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Lobbyists raise alarm on donkey smuggling

Some of the donkeys spotted at Mogotio around Goldox donkey abattoir on 26/9/2019. Most of the donkeys are suspected to have been smuggled.

Animal rights activists have raised the alarm over the influx of donkeys smuggled into the country due to increased demand.

The activists say the trend is an indicator of the dwindling population of donkeys in the country as a result of unsustainable trade.

“These foreign breeds of donkeys from neighbouring countries is a proof enough that the trade is unsustainable and that traders have to smuggle from other countries to keep the slaughterhouses running,” said Fred Ochieng, chief executive of Brooke East Africa.

Since last year, he said there has been increase in donkey theft across the country.

“The statistics are there. Our reports indicate that the current donkey population in the country cannot sustain the current unregulated slaughter and that is why we have been calling on the Government to consider banning the trade,” Mr Ochieng said.

Currently, indigenous Maasai and Somali breeds of donkeys endemic to Kenya are few. Other darker and pure white breeds have been spotted in holding bays in slaughterhouses.

National Network of Donkey Owners Association chairperson Robert Muteithia said the influx of unfamiliar breed of donkeys calls for investigation, even as the Government maintains that the donkeys being slaughtered are from within.

“Strange breeds means there is a lot happening across borders for donkey trade to be sustained in the country, something which the Government should look into. Donkey owners have also borne the brunt of theft to sustain the trade, a situation that even security agencies have not been able to handle,” Mr Muteithia said.

Farming Systems of Kenya CEO Raphael Kinoti said donkey theft across borders was fuelling spread of diseases while brewing diplomatic rows.

“The current situation is not good at all. Smuggling in donkeys is a recipe for spreading zoonotic diseases, a situation that has been experienced in areas next to donkey slaughterhouses in Naivasha and Mogotio. The situation should be controlled to avoid diseases that have been affecting livestock in these areas,” Dr Kinoti said.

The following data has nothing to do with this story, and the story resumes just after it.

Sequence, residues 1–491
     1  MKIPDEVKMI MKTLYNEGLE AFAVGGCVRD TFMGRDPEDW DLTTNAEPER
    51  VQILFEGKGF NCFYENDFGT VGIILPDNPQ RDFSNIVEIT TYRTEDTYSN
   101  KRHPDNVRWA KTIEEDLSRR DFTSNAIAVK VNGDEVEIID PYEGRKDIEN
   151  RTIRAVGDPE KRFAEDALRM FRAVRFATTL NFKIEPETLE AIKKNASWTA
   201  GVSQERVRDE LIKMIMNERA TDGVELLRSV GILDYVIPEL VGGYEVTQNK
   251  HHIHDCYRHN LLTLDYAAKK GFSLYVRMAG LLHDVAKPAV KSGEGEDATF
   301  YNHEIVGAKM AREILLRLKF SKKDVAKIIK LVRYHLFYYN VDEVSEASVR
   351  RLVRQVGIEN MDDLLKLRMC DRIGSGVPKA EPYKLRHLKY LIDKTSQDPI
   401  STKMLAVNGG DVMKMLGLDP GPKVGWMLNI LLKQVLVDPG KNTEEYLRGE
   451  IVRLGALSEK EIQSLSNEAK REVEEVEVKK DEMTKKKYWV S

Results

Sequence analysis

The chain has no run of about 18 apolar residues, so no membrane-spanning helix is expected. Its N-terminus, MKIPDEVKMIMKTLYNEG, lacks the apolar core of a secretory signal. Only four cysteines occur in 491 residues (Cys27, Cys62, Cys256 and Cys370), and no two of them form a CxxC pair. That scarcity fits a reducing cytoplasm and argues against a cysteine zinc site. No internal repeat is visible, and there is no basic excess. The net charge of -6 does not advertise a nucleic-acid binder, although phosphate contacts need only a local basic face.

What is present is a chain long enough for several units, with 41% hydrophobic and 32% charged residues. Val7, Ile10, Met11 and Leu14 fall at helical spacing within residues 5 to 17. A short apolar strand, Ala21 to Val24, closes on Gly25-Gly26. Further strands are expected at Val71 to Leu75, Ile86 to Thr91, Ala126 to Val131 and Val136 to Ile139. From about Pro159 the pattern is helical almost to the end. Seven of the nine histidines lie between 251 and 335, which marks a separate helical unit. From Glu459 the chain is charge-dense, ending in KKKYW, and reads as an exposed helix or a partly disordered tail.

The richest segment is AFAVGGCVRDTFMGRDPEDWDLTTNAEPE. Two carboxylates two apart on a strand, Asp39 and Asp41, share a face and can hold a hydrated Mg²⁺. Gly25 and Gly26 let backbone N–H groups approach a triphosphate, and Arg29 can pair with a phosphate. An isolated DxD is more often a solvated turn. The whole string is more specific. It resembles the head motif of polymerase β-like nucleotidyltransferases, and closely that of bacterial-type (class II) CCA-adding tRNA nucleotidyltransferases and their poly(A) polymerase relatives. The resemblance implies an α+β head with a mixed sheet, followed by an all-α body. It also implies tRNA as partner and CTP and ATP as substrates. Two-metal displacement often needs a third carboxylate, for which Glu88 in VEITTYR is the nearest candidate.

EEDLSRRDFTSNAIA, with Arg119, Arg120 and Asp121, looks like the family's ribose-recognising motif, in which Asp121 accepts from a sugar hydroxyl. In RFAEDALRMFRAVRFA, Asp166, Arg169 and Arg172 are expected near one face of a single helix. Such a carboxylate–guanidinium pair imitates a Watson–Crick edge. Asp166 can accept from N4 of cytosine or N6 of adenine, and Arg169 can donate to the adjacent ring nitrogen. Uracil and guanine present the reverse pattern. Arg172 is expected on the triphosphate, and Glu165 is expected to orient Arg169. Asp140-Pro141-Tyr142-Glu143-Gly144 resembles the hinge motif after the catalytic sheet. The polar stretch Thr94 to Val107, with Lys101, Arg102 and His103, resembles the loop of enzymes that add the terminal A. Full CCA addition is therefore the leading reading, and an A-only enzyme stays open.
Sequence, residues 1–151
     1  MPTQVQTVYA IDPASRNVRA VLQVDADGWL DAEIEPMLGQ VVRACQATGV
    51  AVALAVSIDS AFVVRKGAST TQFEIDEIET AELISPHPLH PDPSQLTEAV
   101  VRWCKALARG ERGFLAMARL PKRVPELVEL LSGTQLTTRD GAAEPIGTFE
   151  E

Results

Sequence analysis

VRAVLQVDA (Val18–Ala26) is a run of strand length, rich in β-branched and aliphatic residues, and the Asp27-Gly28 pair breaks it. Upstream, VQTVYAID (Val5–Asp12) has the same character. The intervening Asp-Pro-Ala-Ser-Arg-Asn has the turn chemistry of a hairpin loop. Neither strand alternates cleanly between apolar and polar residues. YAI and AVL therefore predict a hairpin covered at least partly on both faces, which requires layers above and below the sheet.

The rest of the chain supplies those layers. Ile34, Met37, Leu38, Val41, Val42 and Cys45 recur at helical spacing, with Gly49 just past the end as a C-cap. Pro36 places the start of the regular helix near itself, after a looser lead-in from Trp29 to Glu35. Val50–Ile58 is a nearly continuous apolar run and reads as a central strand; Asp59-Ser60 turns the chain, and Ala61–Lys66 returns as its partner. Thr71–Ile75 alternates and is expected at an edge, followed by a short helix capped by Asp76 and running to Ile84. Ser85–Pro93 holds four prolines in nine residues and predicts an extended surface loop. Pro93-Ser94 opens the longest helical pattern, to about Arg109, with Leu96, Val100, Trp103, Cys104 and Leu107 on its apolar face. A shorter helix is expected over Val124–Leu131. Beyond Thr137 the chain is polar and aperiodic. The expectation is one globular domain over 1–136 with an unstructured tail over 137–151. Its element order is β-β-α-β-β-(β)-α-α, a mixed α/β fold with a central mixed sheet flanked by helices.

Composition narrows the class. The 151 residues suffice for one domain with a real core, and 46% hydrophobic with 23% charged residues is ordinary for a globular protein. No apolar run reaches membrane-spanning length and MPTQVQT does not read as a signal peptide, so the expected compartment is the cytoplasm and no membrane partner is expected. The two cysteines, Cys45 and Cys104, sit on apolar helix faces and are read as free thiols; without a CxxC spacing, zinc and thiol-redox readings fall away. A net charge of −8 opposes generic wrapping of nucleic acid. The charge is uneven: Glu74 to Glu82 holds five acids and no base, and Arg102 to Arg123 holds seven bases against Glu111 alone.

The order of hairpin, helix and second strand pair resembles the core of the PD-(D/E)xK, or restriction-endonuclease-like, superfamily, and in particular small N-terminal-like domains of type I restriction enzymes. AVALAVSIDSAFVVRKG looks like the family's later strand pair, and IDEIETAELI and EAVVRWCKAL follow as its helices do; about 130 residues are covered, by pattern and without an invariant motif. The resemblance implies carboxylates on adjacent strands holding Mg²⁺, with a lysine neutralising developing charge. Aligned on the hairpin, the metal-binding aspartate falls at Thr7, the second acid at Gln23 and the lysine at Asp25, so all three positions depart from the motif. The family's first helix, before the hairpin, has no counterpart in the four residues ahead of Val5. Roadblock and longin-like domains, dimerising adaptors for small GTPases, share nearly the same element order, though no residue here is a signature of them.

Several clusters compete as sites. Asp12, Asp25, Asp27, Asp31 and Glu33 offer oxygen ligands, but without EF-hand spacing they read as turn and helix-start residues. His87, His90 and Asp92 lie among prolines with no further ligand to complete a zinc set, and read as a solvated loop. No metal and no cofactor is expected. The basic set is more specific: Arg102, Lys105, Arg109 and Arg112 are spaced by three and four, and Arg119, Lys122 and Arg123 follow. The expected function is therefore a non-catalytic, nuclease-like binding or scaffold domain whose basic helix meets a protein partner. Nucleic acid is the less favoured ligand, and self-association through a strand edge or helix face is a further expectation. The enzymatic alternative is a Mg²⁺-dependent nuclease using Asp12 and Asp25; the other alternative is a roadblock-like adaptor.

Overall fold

The current unregulated slaughter, he says, is spelling doom to donkey population in the country.

“Currently, there are no mechanisms to boost the current population of donkeys despite the massive slaughter. There are no measures to stem the growing theft, signifying the crash of a value-chain that was never thought of,” he adds

The warning comes months after Kenya Agricultural and Livestock Research Organisation (Kalro) released a report on the status of donkeys across the country.

The report titled Status of Donkey Slaughter in Kenya and its Implications was released in June. The report details that at the current rate of slaughter estimated to be five times the population growth might wiped out donkeys in the country in the next four years.

Kalro revealed that Kenya was slaughtering its donkeys at a rate higher than the national growth rate of 1.4 per cent due the increasing demand for donkey hides for manufacturing Chinese traditional medicine.

Statistics show that the number of donkeys slaughtered rose from 20,768 in 2016 to 159,631 donkeys in 2018.

In their projection, Kalro and Brooke East Africa estimate that at the current rate of slaughter to meet soaring export demands against reproduction rates, donkey numbers would fall to 468,716 by 2022, before being wiped out the following year.

“The annual mean rate of donkeys slaughtered was 5.1 per cent, five times higher than the annual population growth of donkeys,” the report notes.